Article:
Following on from his epic '1812: Napoleon's Fatal March on Moscow', bestselling author Adam Zamoyski has written the dramatic story of the Congress of Vienna. In the wake of his disastrous Russian campaign of 1812, Napoleon's imperious grip on Europe began to weaken, raising the question of how the Continent was to be reconstructed after his defeat. There were many who dreamed of a peace to end all wars, in which the interests of peoples as well as those of rulers would be taken into account. But what followed was an unseemly and at times brutal scramble for territory by the most powerful states, in which countries were traded as if they had been private and their inhabitants counted like cattle. The results, fixed at the Congress of Vienna in 1815, not only laid the foundations of the European world we know; it put in place a social order and a security system that lie at the root of many of the problems which dog the world today. Although the defining moments took place in Vienna, and the principle players included Tsar Alexander I of Russia, the Austrian Chancellor Metternich, the Duke of Wellington and the French master of diplomacy Talleyrand, as well as Napoleon himself, the accepted view of the gathering of statesmen reordering the Continent in elegant salons is a false one. Many of the crucial questions were decided on the battlefield or in squalid roadside cottages amid the vagaries of war. And the proceedings in Vienna itself were not as decorous as is usually represented. Drawing on a wide range of first-hand sources in six languages, which include not only official documents, private letters, diaries and first-hand accounts, but also the reports of police spies and informers, Adam Zamoyski gets below the thin veneer of courtliness and reveals that the new Europe was forged by men in thrall to fear, greed and lust, in an atmosphere of moral depravity in which sexual favours were traded as readily as provinces and the 'souls' who inhabited them. He has created a chilling account, full of menace as well as frivolity.
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In the wake of Napoleon's disastrous Russian campaign of 1812, the French emperor's imperious grip on Europe began to weaken, raising the question of how the continent was to be reconstructed after his defeat. While the Treaty of Paris that followed Napoleon's exile in 1814 put an end to a quarter century of revolution and war in Europe, it left the future of the continent hanging in the balance.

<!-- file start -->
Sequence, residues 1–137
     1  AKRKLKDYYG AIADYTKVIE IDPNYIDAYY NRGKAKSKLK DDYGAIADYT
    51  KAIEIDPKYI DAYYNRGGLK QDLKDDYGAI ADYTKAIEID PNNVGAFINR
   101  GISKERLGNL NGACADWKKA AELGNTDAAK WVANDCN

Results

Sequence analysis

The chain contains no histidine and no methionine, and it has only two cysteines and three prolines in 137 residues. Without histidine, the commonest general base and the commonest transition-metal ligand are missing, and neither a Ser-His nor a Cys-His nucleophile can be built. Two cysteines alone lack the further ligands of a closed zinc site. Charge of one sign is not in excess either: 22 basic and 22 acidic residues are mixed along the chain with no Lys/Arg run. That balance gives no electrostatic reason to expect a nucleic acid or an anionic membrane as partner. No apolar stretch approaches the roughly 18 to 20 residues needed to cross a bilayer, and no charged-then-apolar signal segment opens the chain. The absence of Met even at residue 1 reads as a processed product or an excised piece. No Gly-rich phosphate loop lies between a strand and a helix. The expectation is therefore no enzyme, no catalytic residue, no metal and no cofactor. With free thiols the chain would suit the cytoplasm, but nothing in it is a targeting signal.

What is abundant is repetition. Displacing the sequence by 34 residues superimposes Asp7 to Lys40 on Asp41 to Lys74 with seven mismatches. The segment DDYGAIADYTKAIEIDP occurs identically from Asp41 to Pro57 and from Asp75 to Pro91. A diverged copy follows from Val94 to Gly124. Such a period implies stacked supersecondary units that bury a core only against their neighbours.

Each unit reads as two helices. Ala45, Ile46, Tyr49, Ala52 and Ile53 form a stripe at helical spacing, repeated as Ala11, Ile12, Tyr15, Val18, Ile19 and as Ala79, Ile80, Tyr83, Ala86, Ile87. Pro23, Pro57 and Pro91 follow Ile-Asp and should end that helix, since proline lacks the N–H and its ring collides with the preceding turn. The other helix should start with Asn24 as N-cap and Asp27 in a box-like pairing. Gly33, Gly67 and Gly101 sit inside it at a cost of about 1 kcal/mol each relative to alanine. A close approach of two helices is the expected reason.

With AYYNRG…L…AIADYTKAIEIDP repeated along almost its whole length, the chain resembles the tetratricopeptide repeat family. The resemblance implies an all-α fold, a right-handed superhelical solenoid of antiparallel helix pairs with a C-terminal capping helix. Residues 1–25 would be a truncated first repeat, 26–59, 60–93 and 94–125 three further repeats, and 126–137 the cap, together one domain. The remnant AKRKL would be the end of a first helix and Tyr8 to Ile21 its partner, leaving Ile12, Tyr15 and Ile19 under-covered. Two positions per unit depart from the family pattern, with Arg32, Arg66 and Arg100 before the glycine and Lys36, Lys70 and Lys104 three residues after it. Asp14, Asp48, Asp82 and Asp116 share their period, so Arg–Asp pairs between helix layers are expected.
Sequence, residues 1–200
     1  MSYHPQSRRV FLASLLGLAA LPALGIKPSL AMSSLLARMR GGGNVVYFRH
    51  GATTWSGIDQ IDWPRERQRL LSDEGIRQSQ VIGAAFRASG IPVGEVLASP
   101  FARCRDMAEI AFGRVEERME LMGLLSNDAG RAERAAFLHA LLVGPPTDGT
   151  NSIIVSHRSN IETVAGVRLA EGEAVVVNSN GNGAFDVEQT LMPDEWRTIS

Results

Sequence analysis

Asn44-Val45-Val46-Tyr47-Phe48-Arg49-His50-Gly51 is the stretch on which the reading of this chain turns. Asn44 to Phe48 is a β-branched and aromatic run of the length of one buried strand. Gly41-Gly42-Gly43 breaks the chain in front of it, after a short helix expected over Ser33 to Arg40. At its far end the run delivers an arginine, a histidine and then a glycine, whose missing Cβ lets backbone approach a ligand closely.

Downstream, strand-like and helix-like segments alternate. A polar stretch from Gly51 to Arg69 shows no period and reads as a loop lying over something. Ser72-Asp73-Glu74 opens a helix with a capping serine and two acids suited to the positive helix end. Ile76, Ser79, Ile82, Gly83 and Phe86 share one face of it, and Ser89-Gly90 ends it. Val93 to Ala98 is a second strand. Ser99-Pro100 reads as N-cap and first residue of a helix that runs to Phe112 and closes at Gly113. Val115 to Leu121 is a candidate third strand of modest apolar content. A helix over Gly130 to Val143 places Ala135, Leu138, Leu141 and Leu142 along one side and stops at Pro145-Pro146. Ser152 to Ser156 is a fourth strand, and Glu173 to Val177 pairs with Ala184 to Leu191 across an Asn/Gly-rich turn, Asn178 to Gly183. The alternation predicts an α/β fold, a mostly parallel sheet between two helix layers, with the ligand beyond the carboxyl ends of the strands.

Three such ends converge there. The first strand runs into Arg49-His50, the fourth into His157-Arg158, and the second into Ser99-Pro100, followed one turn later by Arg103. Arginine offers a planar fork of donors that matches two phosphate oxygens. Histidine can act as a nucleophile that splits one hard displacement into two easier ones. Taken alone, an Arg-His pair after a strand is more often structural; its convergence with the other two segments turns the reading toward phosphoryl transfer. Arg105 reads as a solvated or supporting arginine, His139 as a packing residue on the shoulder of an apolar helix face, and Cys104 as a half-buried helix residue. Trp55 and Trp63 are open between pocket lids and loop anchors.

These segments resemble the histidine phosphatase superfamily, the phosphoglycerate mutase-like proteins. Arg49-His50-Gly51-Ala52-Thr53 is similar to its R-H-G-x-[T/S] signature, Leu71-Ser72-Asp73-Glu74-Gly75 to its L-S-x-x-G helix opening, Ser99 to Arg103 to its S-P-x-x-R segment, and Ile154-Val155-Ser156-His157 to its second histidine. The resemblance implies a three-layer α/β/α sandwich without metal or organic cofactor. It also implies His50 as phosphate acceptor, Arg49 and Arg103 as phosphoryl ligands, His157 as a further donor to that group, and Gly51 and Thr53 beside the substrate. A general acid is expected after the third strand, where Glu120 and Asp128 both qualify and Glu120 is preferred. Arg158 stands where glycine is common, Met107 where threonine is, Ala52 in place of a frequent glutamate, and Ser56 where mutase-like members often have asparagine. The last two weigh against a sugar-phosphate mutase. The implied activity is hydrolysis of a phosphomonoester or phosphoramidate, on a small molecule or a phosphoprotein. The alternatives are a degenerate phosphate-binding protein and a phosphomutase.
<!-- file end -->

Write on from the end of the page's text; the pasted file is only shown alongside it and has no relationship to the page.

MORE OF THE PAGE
Eager to negotiate a workable and lasting peace, the major powers—Britain, Austria, Prussia, and Russia—along with a host of lesser nations, began a series of committee sessions in Vienna: an eight-month-long carnival that combined political negotiations with balls, dinners, artistic performances, hunts, tournaments, picnics, and other sundry forms of entertainment for the thousands of aristocrats who had gathered in the Austrian capital. Although the Congress of Vienna resulted in an unprecedented level of stability in Europe, the price of peace would be high. Many of the crucial questions were decided on the battlefield or in squalid roadside cottages amid the vagaries of war. And the proceedings in Vienna itself were not as decorous as is usually represented.
Internationally bestselling author Adam Zamoyski draws on a wide range of original sources, which include not only official documents, private letters, diaries, and firsthand accounts, but also the reports of police spies and informers, to reveal the steamy atmosphere of greed and lust in which the new Europe was forged. Meticulously researched, masterfully told, and featuring a cast of some of the most influential and powerful figures in history, including Tsar Alexander, Metternich, Talleyrand, and the Duke of Wellington, Rites of Peace tells the story of these extraordinary events and their profound historical consequences.About the Author:
Adam Zamoyski was born in New York, was educated at Oxford, and lives in London. A full-time writer, he has written biographies of 'Chopin' (Collins 1979), 'Paderewski', and 'The Last King of Poland', as well as a history of Poland and 'Holy Madness: Romantics, Patriots and Revolutionaries 1776-1871' and '1812: Napoleon's Fatal March on Moscow'.
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